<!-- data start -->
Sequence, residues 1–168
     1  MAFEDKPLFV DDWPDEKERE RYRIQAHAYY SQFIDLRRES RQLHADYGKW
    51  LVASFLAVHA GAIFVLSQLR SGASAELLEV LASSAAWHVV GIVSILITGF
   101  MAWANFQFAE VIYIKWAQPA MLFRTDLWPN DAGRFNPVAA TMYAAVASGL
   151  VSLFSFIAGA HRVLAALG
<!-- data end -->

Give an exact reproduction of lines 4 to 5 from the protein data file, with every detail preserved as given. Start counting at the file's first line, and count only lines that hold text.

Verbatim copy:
   101  MAWANFQFAE VIYIKWAQPA MLFRTDLWPN DAGRFNPVAA TMYAAVASGL
   151  VSLFSFIAGA HRVLAALG